Previously: NU1X, ES7, MP6, CA63, RD-700SX, CDP-100, FP-5, P90, SP-200
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Originally Posted by CyberGene
So, just another cheap Casio?
Depends on the meaning of cheap wink Low priced yup. I don't think the build quality is cheap and it takes their low end Casiotone series up a notch with velocity sensitive keys and improved sounds, maybe other things that I'm not familiar with.

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Chummy Offline OP
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@spanish

For my use then it sounds perfect. I am a pro player, used to do light gigging and nowadays teach piano full time. I've got my own serious instrument. This is not a replacement for an acoustic nor a digital piano of course. Just something portable I could permanently put in my car, play whether I want anytime I'd feel like.. not gonna play Chopin on it OFC, just need to buy some rechargeable batteries for this baby.
I hope I won't be disappointed with the action, I didn't mind the Reface action at all! with the exception of mini size... the Casio seems to have bigger keys in length like a proper "synth" action keyboard which is great. my friend has a XPS-30 (basically Roland Juno DS) which I dislike its action wholeheartedly but still somewhat playable. Hope the Casio CT-S1 has got a bit better than the Juno, that's all I ask ...

@anotherscott

true! no need to carry a stand truly makes a keyboard -"mobile". in a small pub with other people playing, or on the road, parks etc. making do without a stand is an amazing plus IMHO

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Originally Posted by Chummy
I hope I won't be disappointed with the action, I didn't mind the Reface action at all! with the exception of mini size... the Casio seems to have bigger keys in length like a proper "synth" action keyboard which is great. my friend has a XPS-30 (basically Roland Juno DS) which I dislike its action wholeheartedly but still somewhat playable. Hope the Casio CT-S1 has got a bit better than the Juno, that's all I ask ...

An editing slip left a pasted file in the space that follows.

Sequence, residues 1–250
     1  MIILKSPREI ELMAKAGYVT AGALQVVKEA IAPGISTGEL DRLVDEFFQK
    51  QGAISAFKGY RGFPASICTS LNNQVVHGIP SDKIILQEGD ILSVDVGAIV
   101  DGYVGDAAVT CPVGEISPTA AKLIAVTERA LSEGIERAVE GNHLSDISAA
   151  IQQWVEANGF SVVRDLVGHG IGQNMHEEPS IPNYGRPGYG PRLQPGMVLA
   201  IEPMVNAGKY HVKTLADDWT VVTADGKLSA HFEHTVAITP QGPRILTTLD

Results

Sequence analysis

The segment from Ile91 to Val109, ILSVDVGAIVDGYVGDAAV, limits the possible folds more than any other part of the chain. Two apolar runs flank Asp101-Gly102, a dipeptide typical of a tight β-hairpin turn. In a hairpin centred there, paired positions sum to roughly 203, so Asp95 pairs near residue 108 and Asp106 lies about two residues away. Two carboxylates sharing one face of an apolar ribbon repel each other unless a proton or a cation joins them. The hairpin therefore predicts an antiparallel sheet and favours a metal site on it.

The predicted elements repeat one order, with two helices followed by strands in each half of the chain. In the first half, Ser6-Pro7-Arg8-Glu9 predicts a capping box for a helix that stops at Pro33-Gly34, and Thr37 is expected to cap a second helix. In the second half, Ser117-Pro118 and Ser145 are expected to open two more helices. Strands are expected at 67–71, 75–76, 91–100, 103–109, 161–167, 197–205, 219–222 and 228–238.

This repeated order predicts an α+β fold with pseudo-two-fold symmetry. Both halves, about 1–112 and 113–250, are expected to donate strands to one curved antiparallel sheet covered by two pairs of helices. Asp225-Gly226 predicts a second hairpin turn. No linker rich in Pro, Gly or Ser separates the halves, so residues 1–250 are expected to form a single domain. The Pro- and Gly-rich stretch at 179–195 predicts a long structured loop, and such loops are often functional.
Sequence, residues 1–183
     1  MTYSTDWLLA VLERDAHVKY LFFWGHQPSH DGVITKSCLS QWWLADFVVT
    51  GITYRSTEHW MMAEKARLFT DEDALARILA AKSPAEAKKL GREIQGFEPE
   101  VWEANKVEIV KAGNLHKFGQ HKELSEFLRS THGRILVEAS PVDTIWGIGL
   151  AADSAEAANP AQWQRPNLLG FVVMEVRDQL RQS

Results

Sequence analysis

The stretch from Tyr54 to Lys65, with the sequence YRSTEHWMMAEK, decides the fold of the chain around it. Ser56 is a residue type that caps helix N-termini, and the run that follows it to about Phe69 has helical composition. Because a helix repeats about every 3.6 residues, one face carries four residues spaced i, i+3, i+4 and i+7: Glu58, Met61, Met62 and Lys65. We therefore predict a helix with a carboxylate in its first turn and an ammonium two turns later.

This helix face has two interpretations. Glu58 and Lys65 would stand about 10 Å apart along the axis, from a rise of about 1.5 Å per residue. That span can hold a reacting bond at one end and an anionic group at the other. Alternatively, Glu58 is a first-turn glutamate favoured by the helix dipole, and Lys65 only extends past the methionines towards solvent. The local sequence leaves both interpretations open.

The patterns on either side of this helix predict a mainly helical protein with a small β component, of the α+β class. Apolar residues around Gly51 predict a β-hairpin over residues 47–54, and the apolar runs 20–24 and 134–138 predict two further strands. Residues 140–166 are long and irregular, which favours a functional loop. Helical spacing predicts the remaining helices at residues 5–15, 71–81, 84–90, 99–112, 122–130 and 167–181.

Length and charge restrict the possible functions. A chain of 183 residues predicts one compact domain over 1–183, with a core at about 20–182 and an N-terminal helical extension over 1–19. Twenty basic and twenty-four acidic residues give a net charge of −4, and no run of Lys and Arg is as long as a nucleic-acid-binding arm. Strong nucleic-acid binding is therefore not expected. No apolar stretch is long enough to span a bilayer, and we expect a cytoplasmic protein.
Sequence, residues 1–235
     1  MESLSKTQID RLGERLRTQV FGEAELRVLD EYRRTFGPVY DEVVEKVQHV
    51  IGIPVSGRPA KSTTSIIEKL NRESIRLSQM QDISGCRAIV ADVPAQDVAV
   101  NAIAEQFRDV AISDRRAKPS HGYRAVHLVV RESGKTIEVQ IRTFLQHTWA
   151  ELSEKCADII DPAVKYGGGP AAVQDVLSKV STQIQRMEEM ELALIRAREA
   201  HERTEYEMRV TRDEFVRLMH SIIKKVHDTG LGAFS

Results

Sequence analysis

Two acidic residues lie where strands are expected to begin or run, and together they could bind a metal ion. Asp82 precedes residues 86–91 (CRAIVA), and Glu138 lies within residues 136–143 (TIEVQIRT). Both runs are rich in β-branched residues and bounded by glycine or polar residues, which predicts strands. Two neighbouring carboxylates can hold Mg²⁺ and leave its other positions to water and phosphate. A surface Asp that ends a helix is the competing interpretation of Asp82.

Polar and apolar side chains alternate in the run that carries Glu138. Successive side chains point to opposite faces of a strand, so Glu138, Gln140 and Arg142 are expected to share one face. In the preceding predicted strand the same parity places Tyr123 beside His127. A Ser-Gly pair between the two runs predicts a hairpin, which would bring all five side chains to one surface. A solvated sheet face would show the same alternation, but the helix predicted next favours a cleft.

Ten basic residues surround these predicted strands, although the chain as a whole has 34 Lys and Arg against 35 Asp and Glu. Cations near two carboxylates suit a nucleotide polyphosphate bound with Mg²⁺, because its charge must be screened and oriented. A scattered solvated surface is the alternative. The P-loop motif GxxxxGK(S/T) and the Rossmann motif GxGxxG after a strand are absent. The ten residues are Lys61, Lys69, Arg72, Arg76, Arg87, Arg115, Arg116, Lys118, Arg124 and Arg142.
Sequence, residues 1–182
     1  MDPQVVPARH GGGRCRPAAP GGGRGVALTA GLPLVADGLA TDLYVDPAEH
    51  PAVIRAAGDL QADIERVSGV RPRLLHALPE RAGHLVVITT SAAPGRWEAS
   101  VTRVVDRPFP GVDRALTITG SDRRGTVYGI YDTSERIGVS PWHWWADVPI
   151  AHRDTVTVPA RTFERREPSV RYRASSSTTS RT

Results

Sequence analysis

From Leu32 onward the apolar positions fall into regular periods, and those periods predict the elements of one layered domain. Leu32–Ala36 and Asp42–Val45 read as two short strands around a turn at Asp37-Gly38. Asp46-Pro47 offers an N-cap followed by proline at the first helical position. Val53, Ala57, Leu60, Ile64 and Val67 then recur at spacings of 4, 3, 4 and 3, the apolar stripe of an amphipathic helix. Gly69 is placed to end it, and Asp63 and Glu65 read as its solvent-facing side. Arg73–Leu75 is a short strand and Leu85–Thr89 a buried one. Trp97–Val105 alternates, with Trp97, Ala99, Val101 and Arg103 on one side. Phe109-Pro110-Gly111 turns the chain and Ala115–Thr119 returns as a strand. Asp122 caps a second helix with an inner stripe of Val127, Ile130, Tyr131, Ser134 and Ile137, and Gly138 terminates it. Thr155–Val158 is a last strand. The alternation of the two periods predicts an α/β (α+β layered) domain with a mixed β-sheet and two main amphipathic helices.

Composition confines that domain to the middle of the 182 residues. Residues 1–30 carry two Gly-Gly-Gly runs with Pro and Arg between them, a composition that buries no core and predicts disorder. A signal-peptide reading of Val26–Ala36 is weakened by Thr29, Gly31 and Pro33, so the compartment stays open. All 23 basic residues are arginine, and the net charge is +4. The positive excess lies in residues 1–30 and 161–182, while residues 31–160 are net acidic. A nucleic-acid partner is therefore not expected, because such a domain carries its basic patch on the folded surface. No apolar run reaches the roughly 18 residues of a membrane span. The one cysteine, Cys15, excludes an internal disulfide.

The keys are longer than and of course wider than the reface series. I don't have much else to compare with but they are better IMHO than the NP series from Yamaha.

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I was also ready to dismiss this as a bottom-of-the line keyboard ...
Originally Posted by CyberGene
So, just another cheap Casio?
I bought one of those in 1988. It was a start ... but it quickly became a handicap.

But if this CTS1 is touch sensitive, that's a different story ...
Originally Posted by spanishbuddha
... it takes their low end Casiotone series up a notch with velocity sensitive keys ...
That makes a big difference.

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Demos are showing above average quality sounds for a budget keyboard.

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Originally Posted by spanishbuddha
Originally Posted by Chummy
I hope I won't be disappointed with the action, I didn't mind the Reface action at all! with the exception of mini size... the Casio seems to have bigger keys in length like a proper "synth" action keyboard which is great. my friend has a XPS-30 (basically Roland Juno DS) which I dislike its action wholeheartedly but still somewhat playable. Hope the Casio CT-S1 has got a bit better than the Juno, that's all I ask ...
The keys are longer than and of course wider than the reface series. I don't have much else to compare with but they are better IMHO than the NP series from Yamaha.

Ooooh I remember playing a Yamaha NP a couple of times .... If you say the Casio keys are better than this is great news... The NP was okay for the purpose of a "take anywhere" mobile keyboard (obviously I won't play anything serious on it due to the crappy action). Casio action being even better is GREAT for me! ty

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Originally Posted by MacMacMac

ROFL nice one... I love Shakatak! did you arrange all the parts or is this a bulit in thing going on while you play piano?

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@Chummy: That's just one of the built-in demo tunes.